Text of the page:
To both points, my understanding is that EQUAL tightening is more crucial than a set torque value. To that extent I at least assume the shop is tightening them all the same amount. Whether torqued or until the wrench maxes out. Same goes with my torque wrench. I may not be down to the exact ft-lb, but all my bolts are all tightened the same amount.
 

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Onyx, 2008 LL Bean 3.0R and 2017 Honda Civic Hatchback Sport Touring
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Hey! Over-torqued lug nuts are a bad thing. I've been told they can really screw-up your aluminum wheels and warp the rotors. I bought my wife's car home from Mr. Tire last year and decided to check the torque on the lug nuts. None of them were anywhere close to spec or even within 5 lbs of each other! I have the cross type lug nut wrench and I had to jump on that thing to get several of the nuts loose. I ALWAYS upon arriving home after any time a wheel has been removed and replaced, back the lugs off a bit and then re-torque them to the proper specs. I use the star pattern of course. This extra few minutes is well worth the effort in my opinion. I then check them again after a couple of days or about 50 miles (trip to Baltimore and back) and have seldom had more than one click.

Don't trust those youngsters at chain tire shops to do it right or give **** if they don't. Been screwed too many times.
 

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I agree that the recommendation to re-torque is simply a CYA measure on the shop's behalf. Besides the few of us who actually own torque wrenches, who's really going to do this? I just can't see most of the people I know going out to their cars 50 miles after getting new tires just to re-torque the nuts.

I've never re-torqued and found a loose lug nut. I'm fairly sure that the shop guys over tighten the nuts anyway. In that case, it would be better to loosen them and then torque properly. But if you loosen the nuts and then torque to specs, I'd imagine you'd need to come back in another 50 miles and re-torque them.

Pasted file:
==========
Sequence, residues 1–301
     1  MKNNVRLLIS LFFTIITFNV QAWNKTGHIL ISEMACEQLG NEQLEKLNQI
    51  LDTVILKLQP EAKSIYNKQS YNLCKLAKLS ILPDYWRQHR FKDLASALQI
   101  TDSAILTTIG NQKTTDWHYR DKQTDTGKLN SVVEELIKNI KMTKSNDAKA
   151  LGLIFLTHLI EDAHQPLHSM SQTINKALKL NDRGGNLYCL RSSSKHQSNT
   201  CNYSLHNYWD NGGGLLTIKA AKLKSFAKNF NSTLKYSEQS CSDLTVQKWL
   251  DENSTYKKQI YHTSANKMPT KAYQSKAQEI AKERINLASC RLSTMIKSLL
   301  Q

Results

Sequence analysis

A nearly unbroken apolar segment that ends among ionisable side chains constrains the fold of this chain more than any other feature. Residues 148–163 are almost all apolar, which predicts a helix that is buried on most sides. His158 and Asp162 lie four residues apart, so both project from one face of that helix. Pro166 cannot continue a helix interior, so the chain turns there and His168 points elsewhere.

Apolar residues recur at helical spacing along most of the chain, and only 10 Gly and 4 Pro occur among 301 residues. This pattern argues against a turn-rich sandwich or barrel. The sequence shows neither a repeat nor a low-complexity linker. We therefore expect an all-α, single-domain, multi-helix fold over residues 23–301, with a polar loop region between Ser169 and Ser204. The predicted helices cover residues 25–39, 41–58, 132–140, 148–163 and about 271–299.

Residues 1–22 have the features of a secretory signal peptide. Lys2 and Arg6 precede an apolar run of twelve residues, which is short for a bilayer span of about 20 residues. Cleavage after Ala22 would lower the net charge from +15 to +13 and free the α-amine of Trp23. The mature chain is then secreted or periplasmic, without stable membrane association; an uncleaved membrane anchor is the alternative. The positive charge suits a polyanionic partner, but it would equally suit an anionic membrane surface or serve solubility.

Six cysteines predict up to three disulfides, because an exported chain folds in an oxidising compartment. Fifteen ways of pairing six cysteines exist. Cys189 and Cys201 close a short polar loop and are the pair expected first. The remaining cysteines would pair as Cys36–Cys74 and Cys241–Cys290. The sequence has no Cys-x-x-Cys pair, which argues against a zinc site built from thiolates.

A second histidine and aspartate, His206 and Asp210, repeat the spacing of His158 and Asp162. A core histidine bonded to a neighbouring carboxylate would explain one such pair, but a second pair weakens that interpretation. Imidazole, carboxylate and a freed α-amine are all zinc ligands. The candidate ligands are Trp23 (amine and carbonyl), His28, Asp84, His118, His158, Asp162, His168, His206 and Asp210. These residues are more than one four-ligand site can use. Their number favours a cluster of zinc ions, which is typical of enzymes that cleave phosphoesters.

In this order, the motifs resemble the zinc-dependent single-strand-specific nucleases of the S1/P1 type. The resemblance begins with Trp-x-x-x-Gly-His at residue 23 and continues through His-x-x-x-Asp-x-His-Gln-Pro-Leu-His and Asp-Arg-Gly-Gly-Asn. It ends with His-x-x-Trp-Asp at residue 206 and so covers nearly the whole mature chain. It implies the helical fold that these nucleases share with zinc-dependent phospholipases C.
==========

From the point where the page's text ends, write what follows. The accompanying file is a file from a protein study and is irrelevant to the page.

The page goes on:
So if you want to be really anal...

If a shop was the last place to touch your nuts:
1. loosen nuts
2. torque to spec
3. re-torque after 50 miles

If you were the last person to touch your nuts (and properly torque them):
1. re-torque after 50 miles

Edit: I just re-read the post above. He said the same thing I did. I just wanted to type about touching your nuts.
 

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Onyx, 2008 LL Bean 3.0R and 2017 Honda Civic Hatchback Sport Touring
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If you were the last person to touch your nuts
Been married for a long time. So, yeh I'm most likely the last one. Just couldn't resist. 51 on the outside and 13 years old in my head.
 

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As we saw when subaru published the wrong spec for a while, too tight might warp something or shear a stud, too loose and all 5 just shear at once!
 

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I have been using (and carry in my OB) a "cross lug nut wrench" for many years now. In my opinion, the easiest and safest way to get lug nuts on and off. Then, re-tighten with torque wrench, depending on wheels composition (metal, alloy and such).